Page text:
As Depop continues to grow and bricks-and-mortar shops stay shuttered, some sellers are working to develop actual businesses.

Laura Faughnan is a mother of two based in Newbridge, Co Kildare. She started selling her old vintage clothes on Depop (@la_luna_vintage) shortly after the birth of her first child. Having previously worked in both fashion design and retail, Faughnan was a natural fit for the app.

“I had all of this stuff and a lot of it was really nice and I didn’t want to throw it out,” she explains. “I had time, too, because I had a little baby and it was like a hobby. It was something to keep me busy. It was nice photographing stuff and writing descriptions.”

For a while, Faughnan was quietly tipping away and selling one or two items a week. Then lockdown hit and shops closed. One weekend last March, she sold seven items, many from first-time buyers. “I was like, ‘What? How did this happen?” Very quickly there was a move to online.”

Depop has grown exponentially over the last year, she says. “At the start of lockdown, I checked how many womenswear items were available for sale and it was 80,000 in Ireland,” she says. “I checked that two days ago and it’s 360,000 items now.”

As a result, her business has flourished and expanded. She now sources items from wholesalers, typically handpicking items via Zoom consultations. Think vintage dresses and feminine blouses. What was once a hobby now has the potential to grow into something bigger.

“Up until this point, it was probably a time thing and I hadn’t gotten my head around it properly,” she says. “I am trying now to make it into a viable business. I think it definitely has potential.”

Tips for selling

Lights, camera, action: On the internet, your grid is your shop window. That means that photos are important. Make sure clothes are presented and lit well.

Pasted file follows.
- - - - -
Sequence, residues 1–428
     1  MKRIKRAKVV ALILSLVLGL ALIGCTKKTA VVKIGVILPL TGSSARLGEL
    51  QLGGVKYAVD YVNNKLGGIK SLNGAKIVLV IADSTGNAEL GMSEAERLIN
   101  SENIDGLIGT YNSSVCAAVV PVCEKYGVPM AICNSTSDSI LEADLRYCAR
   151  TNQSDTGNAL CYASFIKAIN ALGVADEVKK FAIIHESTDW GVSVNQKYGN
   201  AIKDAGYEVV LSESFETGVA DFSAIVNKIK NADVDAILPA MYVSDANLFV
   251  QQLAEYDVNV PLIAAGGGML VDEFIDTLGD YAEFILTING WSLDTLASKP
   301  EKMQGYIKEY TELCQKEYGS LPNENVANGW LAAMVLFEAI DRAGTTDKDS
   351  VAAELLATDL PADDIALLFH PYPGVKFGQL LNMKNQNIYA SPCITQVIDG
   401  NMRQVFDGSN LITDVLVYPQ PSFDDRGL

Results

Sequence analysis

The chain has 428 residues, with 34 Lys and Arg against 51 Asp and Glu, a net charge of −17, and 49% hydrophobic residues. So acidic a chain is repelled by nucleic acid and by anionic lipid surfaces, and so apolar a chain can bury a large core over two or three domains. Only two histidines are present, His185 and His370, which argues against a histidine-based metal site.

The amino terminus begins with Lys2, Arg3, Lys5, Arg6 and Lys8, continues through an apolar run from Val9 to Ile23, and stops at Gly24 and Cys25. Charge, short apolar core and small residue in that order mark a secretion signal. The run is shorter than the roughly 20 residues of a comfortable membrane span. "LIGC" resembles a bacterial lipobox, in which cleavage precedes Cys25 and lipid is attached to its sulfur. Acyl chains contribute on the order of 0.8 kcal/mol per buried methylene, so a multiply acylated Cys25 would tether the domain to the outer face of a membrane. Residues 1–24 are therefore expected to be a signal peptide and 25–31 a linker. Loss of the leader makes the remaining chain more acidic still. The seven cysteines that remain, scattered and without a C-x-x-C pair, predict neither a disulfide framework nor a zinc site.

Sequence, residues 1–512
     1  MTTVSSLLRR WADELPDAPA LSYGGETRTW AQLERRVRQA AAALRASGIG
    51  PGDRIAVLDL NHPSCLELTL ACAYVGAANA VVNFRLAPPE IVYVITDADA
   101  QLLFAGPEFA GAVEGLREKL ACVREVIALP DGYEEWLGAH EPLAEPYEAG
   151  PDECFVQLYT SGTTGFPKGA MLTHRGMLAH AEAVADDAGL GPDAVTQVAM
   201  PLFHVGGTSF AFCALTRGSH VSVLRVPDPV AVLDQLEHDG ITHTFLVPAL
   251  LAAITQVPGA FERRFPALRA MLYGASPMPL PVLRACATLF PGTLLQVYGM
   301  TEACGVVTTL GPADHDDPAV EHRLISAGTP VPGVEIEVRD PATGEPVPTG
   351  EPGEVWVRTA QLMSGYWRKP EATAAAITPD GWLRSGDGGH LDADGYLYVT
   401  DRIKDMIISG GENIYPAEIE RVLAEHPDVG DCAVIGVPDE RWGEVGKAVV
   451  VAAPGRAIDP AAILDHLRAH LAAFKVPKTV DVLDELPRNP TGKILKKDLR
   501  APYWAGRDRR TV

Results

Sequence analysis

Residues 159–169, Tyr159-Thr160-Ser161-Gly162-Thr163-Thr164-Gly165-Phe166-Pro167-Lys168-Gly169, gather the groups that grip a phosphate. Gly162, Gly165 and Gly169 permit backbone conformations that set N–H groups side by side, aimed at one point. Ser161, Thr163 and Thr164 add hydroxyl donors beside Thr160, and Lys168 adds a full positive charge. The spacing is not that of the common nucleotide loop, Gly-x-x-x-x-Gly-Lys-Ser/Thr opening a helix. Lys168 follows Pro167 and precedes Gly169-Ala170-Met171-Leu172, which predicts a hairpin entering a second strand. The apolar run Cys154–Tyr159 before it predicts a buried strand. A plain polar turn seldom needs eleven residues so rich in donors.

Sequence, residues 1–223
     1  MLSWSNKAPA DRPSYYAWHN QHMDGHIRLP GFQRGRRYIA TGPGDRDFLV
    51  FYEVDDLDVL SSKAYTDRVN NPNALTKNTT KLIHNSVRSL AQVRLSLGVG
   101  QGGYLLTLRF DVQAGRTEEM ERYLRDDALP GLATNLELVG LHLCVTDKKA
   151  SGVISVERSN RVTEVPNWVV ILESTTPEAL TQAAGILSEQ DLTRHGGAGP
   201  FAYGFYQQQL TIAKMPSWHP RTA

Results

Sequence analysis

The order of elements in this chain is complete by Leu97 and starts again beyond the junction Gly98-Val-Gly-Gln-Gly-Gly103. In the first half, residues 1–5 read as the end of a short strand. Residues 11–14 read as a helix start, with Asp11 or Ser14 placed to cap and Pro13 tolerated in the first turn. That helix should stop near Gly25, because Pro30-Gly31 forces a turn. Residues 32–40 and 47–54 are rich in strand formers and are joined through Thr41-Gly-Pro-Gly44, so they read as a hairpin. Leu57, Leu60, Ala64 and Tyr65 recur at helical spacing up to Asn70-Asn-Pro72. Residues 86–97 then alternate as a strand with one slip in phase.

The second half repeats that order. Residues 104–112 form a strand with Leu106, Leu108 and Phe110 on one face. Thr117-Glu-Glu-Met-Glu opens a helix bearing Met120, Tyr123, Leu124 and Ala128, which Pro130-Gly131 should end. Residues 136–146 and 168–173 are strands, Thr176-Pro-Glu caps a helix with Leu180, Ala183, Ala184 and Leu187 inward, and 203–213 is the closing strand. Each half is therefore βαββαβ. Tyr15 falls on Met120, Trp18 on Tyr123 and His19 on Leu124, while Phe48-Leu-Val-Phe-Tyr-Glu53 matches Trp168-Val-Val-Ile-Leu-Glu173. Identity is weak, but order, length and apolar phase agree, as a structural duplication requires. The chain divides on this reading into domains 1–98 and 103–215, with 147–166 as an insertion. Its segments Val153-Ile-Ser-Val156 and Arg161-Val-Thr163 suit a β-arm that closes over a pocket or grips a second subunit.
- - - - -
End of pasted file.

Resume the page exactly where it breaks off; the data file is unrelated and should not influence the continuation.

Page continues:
Use your words: Descriptions are important. Put a little TLC into them and use as many keywords as possible to ensure that your items show up in search results. (Just don’t spam them with irrelevant keywords.)

Be efficient: Get back to customers’ queries. Make sure clothes are packaged safely. Pop items in the post quickly. Do all that and you’ll be golden.

Tips for buying

Be specific: The more specific you are with your search term, the more likely you are to stumble upon something you really want. Use filters to narrow the search to your favourite brands, colours and dress size.

Like, like, like: Depop suggests items you might like based on things you have previously liked or searched for. Help the algorithm out by liking items that tickle your fancy, whether you want to buy them or not. That way you’re far more likely to be shown items that match your style and aesthetic.

Make an offer: Spot something that’s a little out of your price range? Don’t be afraid to drop the seller a line and make a reasonable offer. Many sellers are willing to haggle if it means shifting stock.